One of the main London property market news headlines in October & September is that homeowners and potential buyers are moving away from the capital in droves.
New data from Hamptons, as reported by the Evening Standard, shows that 7.7% of all transactions outside of London were Londoners buying homes outside of the M25. That makes 32,600 sales!
There are several reasons why homeowners are choosing to leave London, with them stemming back to one root cause – it is too expensive for them. Choosing the best real estate investments does require choosing up-and-coming areas.
Rising mortgage interest rates mean that first-time buyers cannot afford to borrow a mortgage. The rising rates are adding thousands to homeowners’ bills every year, with an average hike of £12,000 being expected each year.
30% of those choosing to move away from London are first-time buyers, and the properties they are buying are on average around £90,000 cheaper than the average price of property in London.
By moving away from London, new homebuyers can save £8,656 a year on mortgage repayments with a 15% deposit.
Reports from Hamptons via The Evening Standard revealed that homebuyers are choosing smaller properties with one or two bedrooms to help save money, spending around £60,000 less than last year on average.
According to data they collected, the estimate is that almost 54,000 will choose to move away from London by the end of the year. This is almost the same number of properties that are sold in Wales each year!
This is having a detrimental effect on the London property market. Mortgage interest rate rises tighten homebuyers’ budgets, and so this is having a major impact on those who would otherwise be able to afford to buy in London.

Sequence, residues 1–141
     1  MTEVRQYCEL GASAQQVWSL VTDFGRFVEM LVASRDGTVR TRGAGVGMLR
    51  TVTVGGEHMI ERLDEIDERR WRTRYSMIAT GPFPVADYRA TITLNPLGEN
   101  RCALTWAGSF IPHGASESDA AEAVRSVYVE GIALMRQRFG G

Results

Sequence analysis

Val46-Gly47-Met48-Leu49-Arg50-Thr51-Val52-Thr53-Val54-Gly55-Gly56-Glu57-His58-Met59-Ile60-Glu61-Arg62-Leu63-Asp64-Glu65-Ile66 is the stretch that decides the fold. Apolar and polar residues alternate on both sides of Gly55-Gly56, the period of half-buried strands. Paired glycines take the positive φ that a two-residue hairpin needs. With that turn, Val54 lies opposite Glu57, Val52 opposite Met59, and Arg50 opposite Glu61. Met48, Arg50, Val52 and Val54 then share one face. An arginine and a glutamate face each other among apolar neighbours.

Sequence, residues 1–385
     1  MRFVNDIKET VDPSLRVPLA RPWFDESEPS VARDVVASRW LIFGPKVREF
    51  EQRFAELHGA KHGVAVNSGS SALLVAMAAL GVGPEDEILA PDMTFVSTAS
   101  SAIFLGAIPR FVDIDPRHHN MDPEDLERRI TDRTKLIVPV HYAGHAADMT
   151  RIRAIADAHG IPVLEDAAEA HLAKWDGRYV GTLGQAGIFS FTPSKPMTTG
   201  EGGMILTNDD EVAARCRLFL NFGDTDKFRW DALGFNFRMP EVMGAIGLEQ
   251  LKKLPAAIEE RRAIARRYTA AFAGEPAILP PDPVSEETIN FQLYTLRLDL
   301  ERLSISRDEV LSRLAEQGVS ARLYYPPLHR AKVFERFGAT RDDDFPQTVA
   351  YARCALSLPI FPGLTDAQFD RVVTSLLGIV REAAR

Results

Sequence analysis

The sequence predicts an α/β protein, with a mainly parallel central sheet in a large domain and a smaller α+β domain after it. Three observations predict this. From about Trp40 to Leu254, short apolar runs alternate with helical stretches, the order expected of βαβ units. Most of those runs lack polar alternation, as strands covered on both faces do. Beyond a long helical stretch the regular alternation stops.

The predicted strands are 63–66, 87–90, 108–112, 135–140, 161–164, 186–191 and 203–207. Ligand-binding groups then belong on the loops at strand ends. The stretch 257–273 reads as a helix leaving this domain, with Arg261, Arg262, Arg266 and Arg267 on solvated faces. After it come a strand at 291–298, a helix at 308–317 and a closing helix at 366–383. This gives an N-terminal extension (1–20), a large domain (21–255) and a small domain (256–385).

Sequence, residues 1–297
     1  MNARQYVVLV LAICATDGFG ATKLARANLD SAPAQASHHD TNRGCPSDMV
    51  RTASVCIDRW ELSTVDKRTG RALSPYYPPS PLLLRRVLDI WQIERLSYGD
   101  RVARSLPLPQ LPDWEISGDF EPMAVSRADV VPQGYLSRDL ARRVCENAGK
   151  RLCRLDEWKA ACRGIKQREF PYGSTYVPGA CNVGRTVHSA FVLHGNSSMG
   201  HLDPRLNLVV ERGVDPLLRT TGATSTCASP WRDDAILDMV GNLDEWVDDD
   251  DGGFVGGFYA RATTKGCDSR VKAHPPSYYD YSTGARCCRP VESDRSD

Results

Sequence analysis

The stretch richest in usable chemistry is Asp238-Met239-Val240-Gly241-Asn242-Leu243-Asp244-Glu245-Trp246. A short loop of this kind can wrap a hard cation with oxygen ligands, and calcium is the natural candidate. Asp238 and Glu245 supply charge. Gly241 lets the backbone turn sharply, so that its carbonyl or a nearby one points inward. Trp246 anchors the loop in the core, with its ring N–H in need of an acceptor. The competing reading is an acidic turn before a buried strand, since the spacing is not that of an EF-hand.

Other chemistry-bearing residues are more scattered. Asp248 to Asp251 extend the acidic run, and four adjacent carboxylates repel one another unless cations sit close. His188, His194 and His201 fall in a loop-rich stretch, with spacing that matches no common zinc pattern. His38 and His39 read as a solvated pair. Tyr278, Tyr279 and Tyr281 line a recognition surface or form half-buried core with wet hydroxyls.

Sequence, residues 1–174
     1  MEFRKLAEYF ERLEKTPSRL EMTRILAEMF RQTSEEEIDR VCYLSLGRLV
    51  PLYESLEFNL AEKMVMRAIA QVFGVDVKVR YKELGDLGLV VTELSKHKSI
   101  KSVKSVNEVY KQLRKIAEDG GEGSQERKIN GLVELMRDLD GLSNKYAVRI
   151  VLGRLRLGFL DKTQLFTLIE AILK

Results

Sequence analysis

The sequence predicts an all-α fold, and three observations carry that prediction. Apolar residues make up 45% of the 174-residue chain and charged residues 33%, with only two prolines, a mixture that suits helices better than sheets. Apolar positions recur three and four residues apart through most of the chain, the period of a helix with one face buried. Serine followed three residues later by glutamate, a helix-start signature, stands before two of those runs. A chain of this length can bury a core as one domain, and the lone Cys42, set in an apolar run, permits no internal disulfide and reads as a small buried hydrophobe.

It is unlikely that mortgage rates will fall enough by the end of the year to have any real effect on this, meaning more buyers will be priced out of the capital due to how expensive it is to borrow a mortgage right now.
Because so many people are choosing to buy outside of London, the city is seeing transactions start to fall. New homes being built are not being sold, as although there is high demand in London, it is simply too expensive for first-time buyers.
This will likely help to cause house prices in the city to fall, as fewer transactions will mean asking prices start to decrease so housing becomes more affordable.
For Property investors, this news has two ramifications.
The first is that because house prices in London are likely to fall, they are best off holding onto any buy-to-let properties they currently own in the city. With property depreciating temporarily, it means that they will make less of a profit on their investment property if they choose to sell now.
Rather, it would be a better strategy to wait until London house prices begin to rise again before deciding to sell. Property rises in value through capital appreciation, so selling at a time when prices are falling means getting less of a profit.
The second potential implication is that rental demand could start to drop in the coming months. With thousands of people leaving London for more affordable areas, there is less of a market for potential renters in London that would choose to rent instead of buying a home.
With them choosing to move away instead, this could impact the number of potential renters in the city. The lucrative target audience of young professionals, who are likely to have the salaries capable of affording to buy a first home, could be affected by this especially.
This would be bad news for investors, as luxury buy-to-let properties in central London and well-to-do areas like Kensington rely on young professionals to meet their high standards.
At any rate, this is a London property market news story to keep track of, as it could have long-lasting consequences.
Read our guide on the best place to invest in property for insight on alternatives to the London property market when it comes to your investment choices.